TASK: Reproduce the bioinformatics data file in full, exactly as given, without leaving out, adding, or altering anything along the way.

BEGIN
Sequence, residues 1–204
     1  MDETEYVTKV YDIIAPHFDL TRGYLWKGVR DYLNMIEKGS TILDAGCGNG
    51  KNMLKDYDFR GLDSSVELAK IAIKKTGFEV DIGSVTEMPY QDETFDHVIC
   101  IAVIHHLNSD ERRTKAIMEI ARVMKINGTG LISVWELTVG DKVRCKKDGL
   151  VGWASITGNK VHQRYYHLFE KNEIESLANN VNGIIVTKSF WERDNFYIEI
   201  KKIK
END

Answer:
Sequence, residues 1–204
     1  MDETEYVTKV YDIIAPHFDL TRGYLWKGVR DYLNMIEKGS TILDAGCGNG
    51  KNMLKDYDFR GLDSSVELAK IAIKKTGFEV DIGSVTEMPY QDETFDHVIC
   101  IAVIHHLNSD ERRTKAIMEI ARVMKINGTG LISVWELTVG DKVRCKKDGL
   151  VGWASITGNK VHQRYYHLFE KNEIESLANN VNGIIVTKSF WERDNFYIEI
   201  KKIK